Last fall, I moved from a Chicago suburb to the west side of Missouri, seemingly a move merely across the Great River, seemingly just another move in a slew of moves that have drawn me back to the Midwest. But this move was different. Saint Joseph, to me, is the edge of home, almost the South and almost the West. The Bible Belt, a former slave‑owning state. The gateway to Manifest Destiny. Things here are familiar and Midwestern, yet unfamiliar, too.
This afternoon, I drive the forty minutes to the Barnes & Noble on the north edge of Kansas City. Signs for Atchison and Leavenworth—home of Amelia Earhart, home of the military prison—pass on my right to let me know Kansas is just over the river. This drive is something I do almost every other weekend now. A habit. A getaway. A relief from Chinese‑Mexican combo buffets where a vegetarian, if lucky, can feast on cheese enchiladas and soft dinner rolls slathered with butter. Today, I’ll be missing the bull-riding competition and the big sale at Wal‑Mart. I know I haven’t oriented myself to my new home, and the Barnes & Noble offers the familiar.
I find a good parking space and follow a group of three girls into the bookstore. One girl gestures, wait until you hear this, with her hand and then blurts out, “My parents gave me twenty bucks for going to church today.”
“No!” the other two say in unison.
“I didn’t even have to ask for it. My dad just handed me a twenty and said, ‘We’re really glad you go to church with us.'” The girl is wearing a black leather coat like my own. It matches her hair and her eyeliner and her chunky, four‑inch heels. She is probably sixteen. She looks like a magazine lay‑out, only younger. The other two girls look more white‑hip‑hop. At sixteen, I had just gained a lot of weight, had pimples, and owned one pair of jeans. Adolescents don’t seem to have pimples anymore. We all pass Oprah’s new book-club selection, which is on the bestseller list and, therefore, 30% off.
The girl with streaky hair in numerous barrettes replies, “I can’t believe they pay you to go to church. That’s so pathetic.”
The third girl says, “I wish my parents paid me to go to church. I’d go if they paid me.” I can’t tell if she longs for the extra cash or the chance for spiritual redemption without losing face among her peers.
I am glad to see these girls at Barnes & Noble instead of Old Navy, which is just next door. I tell myself,at least they’ll be talking about books; they aren’t squealing over the spandex cropped pants in stupendous new colors like tomato and pomegranate; they can read. Still, I fear the girl won’t be spending her newfound religious reward on additions to her library. She’ll probably spend it at the movies and laugh inappropriately at violent scenes.
It’s clear these girls and countless other bookstore customers stop in before or after a movie. There’s an AMC multiplex next to the Barnes & Noble, just as in countless other cities around the country. If I squint, I could be anywhere, here and not here. I saw Crouching Tiger, Hidden Dragon here. A young child sat behind me and kicked my seat. He stopped after the third time I asked him to, when his mother put her arm over his knees. I’m not sure how well he could read, at his age.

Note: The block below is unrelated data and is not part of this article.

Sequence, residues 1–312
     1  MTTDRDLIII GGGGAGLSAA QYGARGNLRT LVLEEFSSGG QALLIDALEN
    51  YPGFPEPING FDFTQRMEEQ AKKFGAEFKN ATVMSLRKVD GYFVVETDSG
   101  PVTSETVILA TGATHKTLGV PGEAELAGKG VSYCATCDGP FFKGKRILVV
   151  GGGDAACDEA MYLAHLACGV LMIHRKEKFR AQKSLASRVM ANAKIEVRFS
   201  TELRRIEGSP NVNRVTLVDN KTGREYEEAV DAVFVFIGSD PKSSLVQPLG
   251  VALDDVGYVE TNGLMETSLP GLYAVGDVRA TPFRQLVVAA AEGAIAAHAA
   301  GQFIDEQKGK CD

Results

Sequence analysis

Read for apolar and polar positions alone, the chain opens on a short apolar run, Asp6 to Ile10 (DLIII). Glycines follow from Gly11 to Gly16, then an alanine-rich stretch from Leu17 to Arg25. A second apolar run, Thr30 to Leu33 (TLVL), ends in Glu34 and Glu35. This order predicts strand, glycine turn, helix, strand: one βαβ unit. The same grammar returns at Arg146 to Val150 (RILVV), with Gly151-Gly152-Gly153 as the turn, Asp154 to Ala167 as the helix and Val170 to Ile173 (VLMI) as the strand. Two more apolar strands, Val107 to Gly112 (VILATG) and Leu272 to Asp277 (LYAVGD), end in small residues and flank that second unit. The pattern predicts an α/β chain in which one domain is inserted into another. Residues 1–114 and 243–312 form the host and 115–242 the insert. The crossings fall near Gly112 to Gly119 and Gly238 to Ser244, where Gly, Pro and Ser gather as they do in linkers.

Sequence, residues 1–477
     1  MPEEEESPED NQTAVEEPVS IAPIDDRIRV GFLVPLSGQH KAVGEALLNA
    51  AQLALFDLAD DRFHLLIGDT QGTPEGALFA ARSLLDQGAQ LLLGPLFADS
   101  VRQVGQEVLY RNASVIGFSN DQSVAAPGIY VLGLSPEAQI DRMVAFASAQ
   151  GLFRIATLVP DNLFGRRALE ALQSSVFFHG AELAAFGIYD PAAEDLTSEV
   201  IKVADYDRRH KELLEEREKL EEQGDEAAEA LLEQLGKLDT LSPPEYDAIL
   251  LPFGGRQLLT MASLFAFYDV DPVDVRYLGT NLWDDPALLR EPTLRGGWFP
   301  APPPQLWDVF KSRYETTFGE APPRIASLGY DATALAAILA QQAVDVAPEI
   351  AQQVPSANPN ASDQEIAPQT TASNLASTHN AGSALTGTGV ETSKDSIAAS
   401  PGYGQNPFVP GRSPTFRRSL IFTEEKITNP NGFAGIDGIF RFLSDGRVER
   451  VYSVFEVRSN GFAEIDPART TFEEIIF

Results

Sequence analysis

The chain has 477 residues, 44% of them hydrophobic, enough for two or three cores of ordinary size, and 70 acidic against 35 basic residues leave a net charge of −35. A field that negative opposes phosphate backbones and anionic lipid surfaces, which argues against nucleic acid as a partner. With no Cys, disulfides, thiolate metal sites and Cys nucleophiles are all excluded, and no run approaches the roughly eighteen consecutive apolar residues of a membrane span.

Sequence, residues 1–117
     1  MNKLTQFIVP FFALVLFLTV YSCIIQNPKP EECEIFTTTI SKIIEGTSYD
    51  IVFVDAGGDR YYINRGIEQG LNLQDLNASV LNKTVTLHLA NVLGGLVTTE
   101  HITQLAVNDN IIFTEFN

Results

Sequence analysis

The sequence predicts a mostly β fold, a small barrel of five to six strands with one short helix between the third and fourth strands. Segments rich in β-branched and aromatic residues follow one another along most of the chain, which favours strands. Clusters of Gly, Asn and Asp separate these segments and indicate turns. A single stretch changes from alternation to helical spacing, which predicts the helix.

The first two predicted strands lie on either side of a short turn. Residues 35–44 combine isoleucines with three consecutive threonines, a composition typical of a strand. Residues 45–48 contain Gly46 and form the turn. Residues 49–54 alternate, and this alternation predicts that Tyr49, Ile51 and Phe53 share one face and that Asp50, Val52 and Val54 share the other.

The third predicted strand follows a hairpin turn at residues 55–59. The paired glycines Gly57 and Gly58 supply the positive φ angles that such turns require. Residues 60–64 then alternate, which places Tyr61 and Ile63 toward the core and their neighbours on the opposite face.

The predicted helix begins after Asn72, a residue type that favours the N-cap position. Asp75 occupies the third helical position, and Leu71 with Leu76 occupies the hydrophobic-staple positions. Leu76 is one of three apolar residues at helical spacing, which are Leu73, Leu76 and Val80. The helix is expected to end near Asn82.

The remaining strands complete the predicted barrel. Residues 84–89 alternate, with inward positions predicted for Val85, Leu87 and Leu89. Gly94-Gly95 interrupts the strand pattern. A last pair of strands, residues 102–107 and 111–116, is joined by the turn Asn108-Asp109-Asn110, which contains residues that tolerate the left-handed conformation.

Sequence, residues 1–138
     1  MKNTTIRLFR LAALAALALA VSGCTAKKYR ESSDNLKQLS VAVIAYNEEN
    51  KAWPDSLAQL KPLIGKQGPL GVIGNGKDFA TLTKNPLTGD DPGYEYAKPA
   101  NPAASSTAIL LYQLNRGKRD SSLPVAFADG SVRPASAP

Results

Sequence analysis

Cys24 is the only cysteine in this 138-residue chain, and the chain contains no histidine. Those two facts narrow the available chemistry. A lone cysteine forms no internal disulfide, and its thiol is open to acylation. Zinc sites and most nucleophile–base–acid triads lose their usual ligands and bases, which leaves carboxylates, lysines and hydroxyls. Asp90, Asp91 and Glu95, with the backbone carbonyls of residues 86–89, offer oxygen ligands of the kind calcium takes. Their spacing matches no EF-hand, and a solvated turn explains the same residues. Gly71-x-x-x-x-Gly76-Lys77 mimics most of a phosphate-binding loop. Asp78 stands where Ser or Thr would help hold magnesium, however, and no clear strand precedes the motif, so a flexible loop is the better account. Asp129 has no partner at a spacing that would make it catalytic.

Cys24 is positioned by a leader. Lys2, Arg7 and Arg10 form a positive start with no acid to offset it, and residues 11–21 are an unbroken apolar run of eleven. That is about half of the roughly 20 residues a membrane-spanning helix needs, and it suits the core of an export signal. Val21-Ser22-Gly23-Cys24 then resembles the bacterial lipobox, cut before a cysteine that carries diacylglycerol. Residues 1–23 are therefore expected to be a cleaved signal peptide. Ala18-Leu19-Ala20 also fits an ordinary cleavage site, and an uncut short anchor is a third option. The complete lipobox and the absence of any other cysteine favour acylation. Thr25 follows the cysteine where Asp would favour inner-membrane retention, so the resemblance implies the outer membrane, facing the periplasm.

A few days later, the DJs on the alternative-rock station read the Oscar nominations and couldn’t figure out how this Crouching Tiger movie had been nominated, since they hadn’t heard of it. Someone must have said something into the woman DJ’s earpiece because she interrupted to say, “It’s that subtitled movie.” That explained everything to them, and they moved on.
Sundays are slower at the bookstore than Saturdays, probably because fewer people see movies on Sundays. But the chairs in the aisles are always occupied, and few tables are open in the café. The girl behind me in line begs her mother first for a slice of espresso cake (it looks so good), then for a muffin (we can split it), then for a white-chocolate pretzel stick. It becomes clear that the mother is hoping her daughter will lose weight. The mother says no to each of seven requests. I purchase some tea—some featured winter flavor with cranberry and cinnamon—and a slice of pumpkin cheesecake. I must have been swayed by the girl’s litany of sweet requests.
A couple sits at a table for two. She is reading bride magazines and asking him questions about what to do about their impending wedding. She has a lot of ideas and is acquiring many more as she reads. He looks at a magazine, too. All I see as I walk by is a beer ad with a naked blond woman holding two full mugs in front of her breasts.
I sit at a table near a man and his son. The boy is clearly doing research, with a big, illustrated encyclopedia opened to fill the small table. There is no second seat for the father, and he will leave to browse in a few minutes. I remember the Oprah show that urged parents not to leave their children alone in public places. He asks the boy questions and points to different diagrams. The boy tries to take hurried notes on a yellow pad like the ones my mother always uses.